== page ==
Carlisle calls for Serbia ban
PFA chairman Clarke Carlisle has backed calls for Serbia to receive a "significant" international ban following events in Krusevac on Tuesday.
The Football Association has complained to UEFA after England Under-21 players were subjected to racist and physical abuse at the end of the European Championship play-off second leg.
Serbian supporters, players and other officials appeared to get involved while England defender Danny Rose was sent off after the final whistle for reacting angrily to apparent racial abuse.
Carlisle watched the chaos and violence unfold in the ESPN studio alongside former England midfielder Paul Ince, who called for Serbia to be kicked out of the next 10 qualification campaigns for major tournaments.
And the 33-year-old agreed a hefty punishment was the only answer.
"You should not have to experience those scenes in this day and age. It was utterly deplorable behaviour," Carlisle told BBC Radio Five.
"It's quite farcical. A guy is racially abused and then he gets punished for containing his reaction to that.
"We saw how the whole debacle progressed into punching, kicking...we saw photos of headbutts going on in the staff. But Danny Rose for kicking a ball away ends up getting himself sent off. This is just wrong.
"UEFA need to make a standpoint here and more importantly FIFA, I feel, because it was a FIFA qualification tournament. The message has to come from the top down that this behaviour will not be tolerated."
England Under-21 manager Stuart Pearce had spoken before the game of his confidence that the issue of racism would not raise itself.
A match between the two countries at the 2007 Under-21 European Championship in Holland was marred when England defender Nedum Onuoha was racially abused.
Serbia were fined £16,000 by European governing body UEFA after that incident.
Carlisle believes a lengthy ban would force Serbia to address the issue.
"It's immaterial where it is, who the perpetrators are," he said. "What's material is that the governing bodies lay down extremely harsh sanctions so that they deter countries and people from acting in this way.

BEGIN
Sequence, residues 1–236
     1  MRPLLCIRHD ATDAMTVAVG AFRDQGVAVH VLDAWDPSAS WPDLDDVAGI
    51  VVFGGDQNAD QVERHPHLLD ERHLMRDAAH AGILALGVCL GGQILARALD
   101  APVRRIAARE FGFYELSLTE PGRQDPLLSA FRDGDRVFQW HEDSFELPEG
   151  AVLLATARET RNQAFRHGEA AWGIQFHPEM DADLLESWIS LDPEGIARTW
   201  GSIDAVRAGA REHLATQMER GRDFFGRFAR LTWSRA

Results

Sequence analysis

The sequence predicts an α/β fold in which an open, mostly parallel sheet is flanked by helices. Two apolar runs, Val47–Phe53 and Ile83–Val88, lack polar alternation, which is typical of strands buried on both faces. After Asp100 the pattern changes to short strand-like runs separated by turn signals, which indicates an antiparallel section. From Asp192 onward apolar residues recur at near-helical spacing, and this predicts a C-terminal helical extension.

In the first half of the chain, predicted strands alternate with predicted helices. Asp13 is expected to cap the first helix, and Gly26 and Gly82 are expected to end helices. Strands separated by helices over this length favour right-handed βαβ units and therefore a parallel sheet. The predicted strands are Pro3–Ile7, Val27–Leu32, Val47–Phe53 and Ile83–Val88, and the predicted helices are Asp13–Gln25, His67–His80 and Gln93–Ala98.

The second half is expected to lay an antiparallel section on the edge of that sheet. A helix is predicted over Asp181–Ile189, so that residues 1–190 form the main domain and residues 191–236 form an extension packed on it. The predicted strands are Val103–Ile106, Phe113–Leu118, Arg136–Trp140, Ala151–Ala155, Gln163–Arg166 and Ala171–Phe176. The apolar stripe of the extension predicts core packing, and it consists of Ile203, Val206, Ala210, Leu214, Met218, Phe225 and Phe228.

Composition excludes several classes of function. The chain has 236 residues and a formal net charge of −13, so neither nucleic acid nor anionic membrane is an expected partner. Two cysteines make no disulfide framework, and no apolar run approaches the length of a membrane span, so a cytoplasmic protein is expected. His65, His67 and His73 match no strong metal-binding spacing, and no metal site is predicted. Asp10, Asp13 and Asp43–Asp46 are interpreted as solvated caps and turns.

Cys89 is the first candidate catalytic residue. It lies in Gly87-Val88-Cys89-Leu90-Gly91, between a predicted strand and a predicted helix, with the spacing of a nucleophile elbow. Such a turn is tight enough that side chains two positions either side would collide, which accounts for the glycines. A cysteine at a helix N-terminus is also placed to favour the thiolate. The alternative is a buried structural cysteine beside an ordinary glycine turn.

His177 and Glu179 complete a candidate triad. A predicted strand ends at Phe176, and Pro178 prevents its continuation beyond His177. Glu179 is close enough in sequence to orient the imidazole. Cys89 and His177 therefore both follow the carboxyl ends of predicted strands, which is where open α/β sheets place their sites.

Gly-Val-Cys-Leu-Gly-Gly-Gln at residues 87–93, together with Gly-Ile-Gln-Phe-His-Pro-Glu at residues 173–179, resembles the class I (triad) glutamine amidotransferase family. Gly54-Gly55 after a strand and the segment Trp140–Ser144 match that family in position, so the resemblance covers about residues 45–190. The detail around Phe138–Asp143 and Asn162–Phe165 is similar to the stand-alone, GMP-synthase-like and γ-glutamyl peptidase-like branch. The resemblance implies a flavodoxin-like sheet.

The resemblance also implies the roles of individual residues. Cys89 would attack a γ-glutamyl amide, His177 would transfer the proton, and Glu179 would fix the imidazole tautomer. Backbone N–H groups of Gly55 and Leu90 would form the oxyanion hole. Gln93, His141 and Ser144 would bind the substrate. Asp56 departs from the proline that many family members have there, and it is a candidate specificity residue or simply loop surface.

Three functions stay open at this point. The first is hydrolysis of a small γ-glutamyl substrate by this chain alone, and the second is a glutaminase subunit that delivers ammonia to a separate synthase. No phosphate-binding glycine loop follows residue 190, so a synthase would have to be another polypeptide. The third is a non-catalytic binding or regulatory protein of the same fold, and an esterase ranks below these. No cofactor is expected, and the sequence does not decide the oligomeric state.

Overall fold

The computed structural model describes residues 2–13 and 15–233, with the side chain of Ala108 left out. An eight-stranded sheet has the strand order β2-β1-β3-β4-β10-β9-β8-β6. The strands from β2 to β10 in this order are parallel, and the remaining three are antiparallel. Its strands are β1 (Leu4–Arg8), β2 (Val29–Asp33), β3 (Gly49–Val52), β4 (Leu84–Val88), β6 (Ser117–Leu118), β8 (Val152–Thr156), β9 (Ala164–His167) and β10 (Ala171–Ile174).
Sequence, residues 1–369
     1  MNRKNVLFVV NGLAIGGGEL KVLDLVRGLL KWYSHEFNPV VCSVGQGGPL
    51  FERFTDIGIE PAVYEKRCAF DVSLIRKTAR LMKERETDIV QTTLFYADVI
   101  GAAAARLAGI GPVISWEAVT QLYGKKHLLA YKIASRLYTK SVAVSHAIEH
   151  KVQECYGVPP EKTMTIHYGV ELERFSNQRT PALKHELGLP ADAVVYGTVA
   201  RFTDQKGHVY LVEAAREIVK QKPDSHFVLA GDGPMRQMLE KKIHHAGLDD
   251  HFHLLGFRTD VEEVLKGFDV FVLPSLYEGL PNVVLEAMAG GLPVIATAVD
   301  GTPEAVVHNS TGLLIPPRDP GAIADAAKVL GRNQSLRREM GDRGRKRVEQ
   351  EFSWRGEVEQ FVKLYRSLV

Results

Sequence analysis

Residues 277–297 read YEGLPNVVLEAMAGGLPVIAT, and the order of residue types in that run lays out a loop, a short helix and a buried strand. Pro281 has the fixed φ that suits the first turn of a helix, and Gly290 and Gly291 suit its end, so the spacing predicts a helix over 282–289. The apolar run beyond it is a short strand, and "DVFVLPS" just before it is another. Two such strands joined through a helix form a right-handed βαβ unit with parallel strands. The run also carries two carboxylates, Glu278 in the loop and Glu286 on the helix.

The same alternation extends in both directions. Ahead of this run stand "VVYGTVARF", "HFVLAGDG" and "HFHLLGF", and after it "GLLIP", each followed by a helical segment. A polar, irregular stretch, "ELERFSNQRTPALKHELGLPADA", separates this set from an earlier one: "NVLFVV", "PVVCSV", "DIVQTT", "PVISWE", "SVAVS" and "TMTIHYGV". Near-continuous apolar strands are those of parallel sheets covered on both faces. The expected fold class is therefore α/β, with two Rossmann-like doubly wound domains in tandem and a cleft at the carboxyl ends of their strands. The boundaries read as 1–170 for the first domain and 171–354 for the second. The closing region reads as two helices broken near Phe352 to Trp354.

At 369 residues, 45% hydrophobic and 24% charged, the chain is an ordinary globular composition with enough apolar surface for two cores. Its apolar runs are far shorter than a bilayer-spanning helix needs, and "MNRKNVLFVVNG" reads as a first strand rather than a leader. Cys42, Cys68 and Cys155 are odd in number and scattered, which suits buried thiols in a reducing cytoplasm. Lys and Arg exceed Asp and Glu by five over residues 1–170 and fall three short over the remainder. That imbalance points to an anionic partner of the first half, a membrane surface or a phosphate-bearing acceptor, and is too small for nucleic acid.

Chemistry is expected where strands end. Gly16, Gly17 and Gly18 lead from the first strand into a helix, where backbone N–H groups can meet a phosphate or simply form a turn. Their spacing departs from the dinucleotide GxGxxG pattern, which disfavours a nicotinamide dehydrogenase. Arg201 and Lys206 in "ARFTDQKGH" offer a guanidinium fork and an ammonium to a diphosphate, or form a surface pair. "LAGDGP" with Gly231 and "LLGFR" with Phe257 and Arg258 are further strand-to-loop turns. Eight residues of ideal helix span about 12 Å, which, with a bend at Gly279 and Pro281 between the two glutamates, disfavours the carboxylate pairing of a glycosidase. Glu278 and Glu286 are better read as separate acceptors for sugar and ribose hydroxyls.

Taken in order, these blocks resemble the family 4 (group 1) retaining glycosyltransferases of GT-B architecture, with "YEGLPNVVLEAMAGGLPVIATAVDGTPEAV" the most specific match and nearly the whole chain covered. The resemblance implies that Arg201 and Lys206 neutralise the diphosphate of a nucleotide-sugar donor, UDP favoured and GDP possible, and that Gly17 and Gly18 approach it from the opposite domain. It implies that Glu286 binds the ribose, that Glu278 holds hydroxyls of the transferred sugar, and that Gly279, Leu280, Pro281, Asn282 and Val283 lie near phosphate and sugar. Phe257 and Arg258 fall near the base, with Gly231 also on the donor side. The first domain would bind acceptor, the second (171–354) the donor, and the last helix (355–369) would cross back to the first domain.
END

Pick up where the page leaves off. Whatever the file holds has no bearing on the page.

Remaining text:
"You can draw parity with what happened to English football when we were kicked out of Europe for the violence (following the 1985 Heysel disaster) - that instigated a period of self-governance.
"I believe Serbia should be banned because it's a repeat offence.
"Banning them for a start, from any tournament, would be progress but I think if it's significant - if it's a couple of tournaments - then that would cause that nation to address the issue that has deprived them of international competition."
Reading striker Jason Roberts accused UEFA of not dealing adequately with past racism issues and said players should take action themselves by walking off the pitch if subjected to racist abuse.
The 34-year-old told BBC Radio Five: "I was absolutely fuming at what I saw. To think this was an England Under-21 game and another generation of players is seeing this sort of behaviour makes me very sad and makes me aware of the fact we haven't moved far enough.
"Everyone says UEFA needs to be stronger, do this and do that. They've shown they have no stomach for this battle. They haven't taken it on in the past. I doubt they will now with poultry fines and slapping on the wrists.
"So that's why it's time for players to take action. I'll go one further and say players should walk off the pitch because - guaranteed - if that happened, things would change."
Connor Wickham's stoppage-time goal, which clinched a 2-0 aggregate success, prompted a hail of missiles from the crowd and scuffles broke out moments later.
Asked if a failure to rescind Rose's red card would leave UEFA's bid to stamp out racism in tatters, Roberts replied: "I would say it's in tatters already.
"The (official UEFA) match report doesn't even mention what happened. I think that just shows they would like to sweep it under the carpet and make out we don't have these problems in football when clearly we do."